How to find what drives you as a designer

Beauty, craft, desire, ego - word bubbles with descriptive words related to designers

Last year, I spoke with a class of seniors about my career so far, a group of design majors at the University of San Francisco. Their advisor, Rachel Beth Egenhoefer, asked me to share my experiences. She said they worried about finding the right job and weren’t considering they’re likely to change roles many times.

Most designers I know go into the profession because they want to make beautiful things. In the early parts of their careers, they want to get better at making useful, usable, and desirable objects. For some designers, craft is a lifelong pursuit, and they go deep, exploring and innovating with the things they produce. Others shift their attention as they progress. Some move into adjacent fields: they become more interested in business, or technology, or product management, or entrepreneurship, and they put their expertise to use in different roles. Some want to have more impact as they grow in their careers, or they find themselves drawn to a specific cause. Ambition and ego can play a part in their career development too, and their career choices can have more to do with status, influence, or greater creative control.

For me, making things is what I’ve always gotten the most pleasure from. It’s a conundrum because as you get further along in your career, it often takes you away from the ‘making’ part of things. The usual answer for an individual contributor designer who moves into managing others is that the craft of making gets applied instead to the team itself. The manager delegates to their team, takes on more of an advisory role in the actual product design, and focuses more on personnel decisions, mentorship, and team processes. The story we tell ourselves is that these new responsibilities are fun and fulfilling. I find this true, but when I’ve been in leadership roles, I also love to make ‘things’ in my day-to-day work, usually diagrams, slide decks, and other communication tools to help clarify the challenges we are facing as a team or a business. I enjoy designing artifacts, and I love seeing those objects become useful for others.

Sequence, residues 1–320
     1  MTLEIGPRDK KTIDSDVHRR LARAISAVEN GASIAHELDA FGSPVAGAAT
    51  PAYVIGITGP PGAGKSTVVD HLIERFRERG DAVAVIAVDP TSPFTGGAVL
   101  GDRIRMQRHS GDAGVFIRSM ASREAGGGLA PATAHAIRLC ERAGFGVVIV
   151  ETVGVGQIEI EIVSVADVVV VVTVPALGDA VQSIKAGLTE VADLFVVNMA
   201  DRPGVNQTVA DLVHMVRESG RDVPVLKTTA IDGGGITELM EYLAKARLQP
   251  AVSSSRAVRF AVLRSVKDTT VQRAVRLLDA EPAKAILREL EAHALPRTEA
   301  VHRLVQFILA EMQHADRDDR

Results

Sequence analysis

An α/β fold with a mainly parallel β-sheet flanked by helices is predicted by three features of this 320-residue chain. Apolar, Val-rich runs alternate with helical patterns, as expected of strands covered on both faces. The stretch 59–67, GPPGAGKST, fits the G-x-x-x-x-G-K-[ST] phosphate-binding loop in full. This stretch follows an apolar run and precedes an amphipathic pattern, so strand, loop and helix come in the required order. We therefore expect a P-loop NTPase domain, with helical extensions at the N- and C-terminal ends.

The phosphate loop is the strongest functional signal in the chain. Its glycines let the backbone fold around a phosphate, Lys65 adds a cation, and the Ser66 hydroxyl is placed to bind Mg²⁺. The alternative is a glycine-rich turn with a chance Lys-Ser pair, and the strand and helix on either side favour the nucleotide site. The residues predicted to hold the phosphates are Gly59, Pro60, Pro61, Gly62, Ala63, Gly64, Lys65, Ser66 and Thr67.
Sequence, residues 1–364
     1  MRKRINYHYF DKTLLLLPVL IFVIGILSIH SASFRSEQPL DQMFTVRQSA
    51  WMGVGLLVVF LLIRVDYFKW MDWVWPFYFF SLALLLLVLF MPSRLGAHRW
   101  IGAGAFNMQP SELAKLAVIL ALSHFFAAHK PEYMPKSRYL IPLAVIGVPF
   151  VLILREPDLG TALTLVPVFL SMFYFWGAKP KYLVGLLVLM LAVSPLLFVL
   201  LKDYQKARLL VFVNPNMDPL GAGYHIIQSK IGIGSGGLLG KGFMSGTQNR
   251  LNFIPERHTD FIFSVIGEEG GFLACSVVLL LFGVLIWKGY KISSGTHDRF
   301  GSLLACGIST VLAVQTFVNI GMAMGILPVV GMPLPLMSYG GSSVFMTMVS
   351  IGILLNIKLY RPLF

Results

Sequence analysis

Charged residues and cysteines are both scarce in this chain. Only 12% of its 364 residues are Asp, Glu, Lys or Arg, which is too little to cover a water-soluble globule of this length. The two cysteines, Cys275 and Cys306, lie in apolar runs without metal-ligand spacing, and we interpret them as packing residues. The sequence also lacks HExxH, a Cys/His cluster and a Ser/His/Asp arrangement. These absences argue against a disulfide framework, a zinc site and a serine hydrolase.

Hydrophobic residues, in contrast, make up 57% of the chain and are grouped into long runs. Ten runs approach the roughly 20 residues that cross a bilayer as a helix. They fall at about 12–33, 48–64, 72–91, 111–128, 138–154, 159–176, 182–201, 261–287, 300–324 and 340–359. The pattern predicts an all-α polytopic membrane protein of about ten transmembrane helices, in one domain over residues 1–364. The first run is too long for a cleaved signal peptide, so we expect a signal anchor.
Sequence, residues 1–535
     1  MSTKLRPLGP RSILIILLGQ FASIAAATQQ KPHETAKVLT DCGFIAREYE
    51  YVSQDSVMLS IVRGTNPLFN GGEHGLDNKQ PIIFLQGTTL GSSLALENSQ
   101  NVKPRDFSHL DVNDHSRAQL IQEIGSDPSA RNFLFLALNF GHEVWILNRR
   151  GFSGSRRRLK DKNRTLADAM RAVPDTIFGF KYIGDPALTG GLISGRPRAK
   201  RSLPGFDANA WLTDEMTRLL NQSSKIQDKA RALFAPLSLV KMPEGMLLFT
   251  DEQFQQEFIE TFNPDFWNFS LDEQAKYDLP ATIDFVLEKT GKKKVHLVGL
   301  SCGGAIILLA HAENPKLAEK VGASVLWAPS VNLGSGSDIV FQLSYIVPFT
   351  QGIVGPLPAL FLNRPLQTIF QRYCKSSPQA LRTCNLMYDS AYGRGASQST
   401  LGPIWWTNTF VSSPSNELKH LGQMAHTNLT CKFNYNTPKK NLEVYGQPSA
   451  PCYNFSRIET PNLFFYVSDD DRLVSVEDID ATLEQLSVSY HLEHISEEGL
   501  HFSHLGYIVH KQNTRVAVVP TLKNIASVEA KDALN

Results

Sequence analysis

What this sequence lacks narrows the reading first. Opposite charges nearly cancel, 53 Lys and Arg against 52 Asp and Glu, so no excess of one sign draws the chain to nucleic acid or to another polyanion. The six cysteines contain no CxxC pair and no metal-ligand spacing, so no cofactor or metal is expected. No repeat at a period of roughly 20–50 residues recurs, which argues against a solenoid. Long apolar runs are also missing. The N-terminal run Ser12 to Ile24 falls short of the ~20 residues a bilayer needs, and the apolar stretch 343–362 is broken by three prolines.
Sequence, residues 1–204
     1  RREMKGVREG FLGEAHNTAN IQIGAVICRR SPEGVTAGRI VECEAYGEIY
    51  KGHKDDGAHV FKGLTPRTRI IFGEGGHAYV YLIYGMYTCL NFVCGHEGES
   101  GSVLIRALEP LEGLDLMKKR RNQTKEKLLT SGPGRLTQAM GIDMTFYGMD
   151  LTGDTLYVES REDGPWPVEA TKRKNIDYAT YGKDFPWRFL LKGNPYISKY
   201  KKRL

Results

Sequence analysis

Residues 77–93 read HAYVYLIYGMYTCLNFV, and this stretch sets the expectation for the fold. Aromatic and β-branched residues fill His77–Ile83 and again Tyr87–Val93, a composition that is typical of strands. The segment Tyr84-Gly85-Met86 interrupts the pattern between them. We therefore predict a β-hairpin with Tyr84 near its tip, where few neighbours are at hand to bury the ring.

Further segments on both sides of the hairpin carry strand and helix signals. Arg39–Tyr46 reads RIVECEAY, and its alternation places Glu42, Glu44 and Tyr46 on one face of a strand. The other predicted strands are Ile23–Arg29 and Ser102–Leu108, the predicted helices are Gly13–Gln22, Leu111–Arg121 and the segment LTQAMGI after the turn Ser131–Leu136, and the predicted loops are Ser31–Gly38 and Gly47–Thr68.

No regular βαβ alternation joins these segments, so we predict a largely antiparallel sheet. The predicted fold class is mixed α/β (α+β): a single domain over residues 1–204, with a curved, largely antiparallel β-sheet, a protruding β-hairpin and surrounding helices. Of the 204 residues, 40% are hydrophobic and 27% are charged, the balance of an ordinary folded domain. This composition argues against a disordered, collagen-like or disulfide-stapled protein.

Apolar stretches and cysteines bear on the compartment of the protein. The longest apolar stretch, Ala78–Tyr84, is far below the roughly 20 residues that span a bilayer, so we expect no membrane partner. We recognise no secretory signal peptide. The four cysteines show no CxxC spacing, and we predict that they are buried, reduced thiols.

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I’ve never been one to plan my career. I’ve heard advice that when you’re looking for a new opportunity, you should make sure the role sets you up well for the next one you ultimately want to follow it. That designers can plan their careers this way boggles my mind. I’ve found that each time I’ve changed jobs, the decision has been more intuitive, either a new challenge to tackle that sounded fun to me at the time, or I was reacting to where I worked last.